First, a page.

Neonatal immune challenge induces female-specific changes in social behavior and somatostatin cell number.
Decreases in social behavior are a hallmark aspect of acute "sickness behavior" in response to infection. However, immune insults that occur during the perinatal period may have long-lasting consequences for adult social behavior by impacting the developmental organization of underlying neural circuits. Microglia, the resident immune cells of the central nervous system, are sensitive to immune stimulation and play a critical role in the developmental sculpting of neural circuits, making them likely mediators of this process. Here, we investigated the impact of a postnatal day (PND) 4 lipopolysaccharide (LPS) challenge on social behavior in adult mice. Somewhat surprisingly, neonatal LPS treatment decreased sociability in adult female, but not male mice. LPS-treated females also displayed reduced social interaction and social memory in a social discrimination task as compared to saline-treated females. Somatostatin (SST) interneurons within the anterior cingulate cortex (ACC) have recently been suggested to modulate a variety of social behaviors. Interestingly, the female-specific changes in social behavior observed here were accompanied by an increase in SST interneuron number in the ACC. Finally, these changes in social behavior and SST cell number do not appear to depend on microglial inflammatory signaling, because microglia-specific genetic knock-down of myeloid differentiation response protein 88 (MyD88; the removal of which prevents LPS from increasing proinflammatory cytokines such as TNFα and IL-1β) did not prevent these LPS-induced changes. This study provides novel evidence for enduring effects of neonatal immune activation on social behavior and SST interneurons in females, largely independent of microglial inflammatory signaling.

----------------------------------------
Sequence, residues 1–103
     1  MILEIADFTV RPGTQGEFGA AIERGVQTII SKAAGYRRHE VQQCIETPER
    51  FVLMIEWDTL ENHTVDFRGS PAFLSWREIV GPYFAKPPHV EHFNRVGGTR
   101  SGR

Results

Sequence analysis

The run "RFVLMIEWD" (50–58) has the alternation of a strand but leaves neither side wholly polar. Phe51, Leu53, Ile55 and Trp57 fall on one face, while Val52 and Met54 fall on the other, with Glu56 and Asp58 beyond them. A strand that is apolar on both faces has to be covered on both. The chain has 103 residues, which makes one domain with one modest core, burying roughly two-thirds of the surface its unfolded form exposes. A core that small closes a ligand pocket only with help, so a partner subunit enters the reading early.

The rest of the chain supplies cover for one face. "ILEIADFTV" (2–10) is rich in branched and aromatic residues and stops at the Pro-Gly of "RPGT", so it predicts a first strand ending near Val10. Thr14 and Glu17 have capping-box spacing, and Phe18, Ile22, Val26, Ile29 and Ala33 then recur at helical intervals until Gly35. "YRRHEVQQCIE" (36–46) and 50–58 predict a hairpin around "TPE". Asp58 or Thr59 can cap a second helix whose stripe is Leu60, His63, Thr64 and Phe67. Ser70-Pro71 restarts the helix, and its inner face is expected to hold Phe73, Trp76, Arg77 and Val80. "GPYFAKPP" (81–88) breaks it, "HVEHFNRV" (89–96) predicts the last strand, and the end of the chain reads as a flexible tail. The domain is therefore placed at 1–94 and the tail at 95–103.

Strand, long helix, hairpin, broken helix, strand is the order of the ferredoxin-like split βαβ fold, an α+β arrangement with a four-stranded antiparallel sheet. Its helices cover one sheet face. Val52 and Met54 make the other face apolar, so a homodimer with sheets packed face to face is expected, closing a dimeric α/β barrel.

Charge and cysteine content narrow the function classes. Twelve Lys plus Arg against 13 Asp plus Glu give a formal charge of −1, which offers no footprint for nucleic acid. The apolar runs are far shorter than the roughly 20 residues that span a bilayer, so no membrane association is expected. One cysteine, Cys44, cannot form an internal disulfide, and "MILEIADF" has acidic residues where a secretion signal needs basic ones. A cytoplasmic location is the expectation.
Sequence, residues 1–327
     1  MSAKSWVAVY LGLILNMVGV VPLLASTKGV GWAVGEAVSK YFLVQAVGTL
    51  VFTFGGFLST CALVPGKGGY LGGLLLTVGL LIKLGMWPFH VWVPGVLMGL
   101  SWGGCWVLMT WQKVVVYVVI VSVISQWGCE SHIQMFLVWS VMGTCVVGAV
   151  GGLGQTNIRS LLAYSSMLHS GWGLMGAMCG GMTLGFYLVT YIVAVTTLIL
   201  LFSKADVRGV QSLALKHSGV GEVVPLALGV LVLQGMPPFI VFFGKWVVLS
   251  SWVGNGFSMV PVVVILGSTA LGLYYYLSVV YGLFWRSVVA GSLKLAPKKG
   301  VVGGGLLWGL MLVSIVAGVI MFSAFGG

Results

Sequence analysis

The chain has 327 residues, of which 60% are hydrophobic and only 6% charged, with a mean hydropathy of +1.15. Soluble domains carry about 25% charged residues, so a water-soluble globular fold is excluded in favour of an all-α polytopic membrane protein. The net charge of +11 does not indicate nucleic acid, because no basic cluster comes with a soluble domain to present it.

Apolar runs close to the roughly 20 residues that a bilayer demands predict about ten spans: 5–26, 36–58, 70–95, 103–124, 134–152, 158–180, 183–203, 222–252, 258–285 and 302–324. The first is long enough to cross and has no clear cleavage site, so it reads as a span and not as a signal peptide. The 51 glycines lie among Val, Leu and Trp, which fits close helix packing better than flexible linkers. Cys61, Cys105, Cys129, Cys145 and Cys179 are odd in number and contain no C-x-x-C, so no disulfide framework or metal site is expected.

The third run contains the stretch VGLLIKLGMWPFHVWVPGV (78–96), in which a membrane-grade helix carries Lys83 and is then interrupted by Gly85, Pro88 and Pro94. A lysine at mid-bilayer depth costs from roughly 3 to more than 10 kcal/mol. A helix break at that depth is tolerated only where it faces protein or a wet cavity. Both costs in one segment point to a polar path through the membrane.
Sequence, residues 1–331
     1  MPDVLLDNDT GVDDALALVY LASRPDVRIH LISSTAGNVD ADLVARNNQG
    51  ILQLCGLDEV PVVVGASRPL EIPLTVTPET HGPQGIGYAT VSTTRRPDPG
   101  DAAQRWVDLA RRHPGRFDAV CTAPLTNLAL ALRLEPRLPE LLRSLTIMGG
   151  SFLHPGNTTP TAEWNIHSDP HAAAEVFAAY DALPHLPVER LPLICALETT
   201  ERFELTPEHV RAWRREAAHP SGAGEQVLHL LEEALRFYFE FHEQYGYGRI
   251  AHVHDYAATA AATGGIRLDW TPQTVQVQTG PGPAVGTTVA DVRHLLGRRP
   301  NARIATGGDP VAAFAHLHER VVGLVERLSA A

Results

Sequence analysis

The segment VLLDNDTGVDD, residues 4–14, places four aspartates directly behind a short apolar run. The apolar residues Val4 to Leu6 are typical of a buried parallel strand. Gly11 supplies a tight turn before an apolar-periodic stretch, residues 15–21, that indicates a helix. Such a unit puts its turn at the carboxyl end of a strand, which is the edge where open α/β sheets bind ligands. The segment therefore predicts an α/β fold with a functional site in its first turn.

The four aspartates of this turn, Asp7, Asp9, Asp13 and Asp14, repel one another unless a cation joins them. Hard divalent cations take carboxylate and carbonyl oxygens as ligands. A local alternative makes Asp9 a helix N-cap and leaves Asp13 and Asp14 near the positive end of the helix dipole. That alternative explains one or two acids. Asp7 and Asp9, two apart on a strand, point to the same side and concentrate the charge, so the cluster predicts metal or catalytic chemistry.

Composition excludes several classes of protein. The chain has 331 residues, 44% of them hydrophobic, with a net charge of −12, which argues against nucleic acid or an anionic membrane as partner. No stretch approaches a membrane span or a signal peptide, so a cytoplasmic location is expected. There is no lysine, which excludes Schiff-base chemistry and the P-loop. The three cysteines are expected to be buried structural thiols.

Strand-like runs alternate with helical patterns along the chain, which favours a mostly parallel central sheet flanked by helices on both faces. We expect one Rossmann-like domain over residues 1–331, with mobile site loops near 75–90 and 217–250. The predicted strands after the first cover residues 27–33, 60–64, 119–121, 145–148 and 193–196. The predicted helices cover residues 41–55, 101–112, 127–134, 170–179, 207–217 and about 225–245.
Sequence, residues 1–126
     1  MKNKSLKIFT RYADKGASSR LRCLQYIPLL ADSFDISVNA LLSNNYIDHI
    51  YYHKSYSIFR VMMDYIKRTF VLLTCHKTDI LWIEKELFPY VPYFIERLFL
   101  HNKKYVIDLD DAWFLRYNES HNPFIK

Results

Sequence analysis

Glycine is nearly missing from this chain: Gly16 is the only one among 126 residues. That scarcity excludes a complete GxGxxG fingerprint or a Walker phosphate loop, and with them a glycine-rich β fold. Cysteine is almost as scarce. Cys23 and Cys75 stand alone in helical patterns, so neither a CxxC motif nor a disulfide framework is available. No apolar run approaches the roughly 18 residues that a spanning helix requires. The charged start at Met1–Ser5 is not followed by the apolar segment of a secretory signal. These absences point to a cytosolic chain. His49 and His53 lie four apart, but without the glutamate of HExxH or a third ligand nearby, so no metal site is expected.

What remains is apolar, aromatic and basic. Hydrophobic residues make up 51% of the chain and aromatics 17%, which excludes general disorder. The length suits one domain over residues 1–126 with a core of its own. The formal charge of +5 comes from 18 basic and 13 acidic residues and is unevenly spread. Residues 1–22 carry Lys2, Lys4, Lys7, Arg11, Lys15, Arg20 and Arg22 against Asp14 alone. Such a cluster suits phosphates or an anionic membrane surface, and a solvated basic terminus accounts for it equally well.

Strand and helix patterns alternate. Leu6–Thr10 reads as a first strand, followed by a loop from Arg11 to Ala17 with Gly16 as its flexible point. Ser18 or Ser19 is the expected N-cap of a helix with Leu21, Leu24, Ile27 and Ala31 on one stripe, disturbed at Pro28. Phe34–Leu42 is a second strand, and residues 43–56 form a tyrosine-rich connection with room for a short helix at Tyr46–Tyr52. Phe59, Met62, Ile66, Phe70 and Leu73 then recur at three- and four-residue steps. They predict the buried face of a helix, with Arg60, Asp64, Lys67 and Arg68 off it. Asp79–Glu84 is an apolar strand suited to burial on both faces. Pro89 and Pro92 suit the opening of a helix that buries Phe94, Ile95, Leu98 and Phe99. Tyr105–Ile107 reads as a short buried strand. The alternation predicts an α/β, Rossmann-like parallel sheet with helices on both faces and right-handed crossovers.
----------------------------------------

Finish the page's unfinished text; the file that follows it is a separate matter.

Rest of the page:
Smith, CJ; Kingsbury, MA; Dziabis, JE; Hanamsagar, R; Malacon, KE; Tran, JN; Norris, HA; Gulino, M; Bordt, EA; Bilbo, SD
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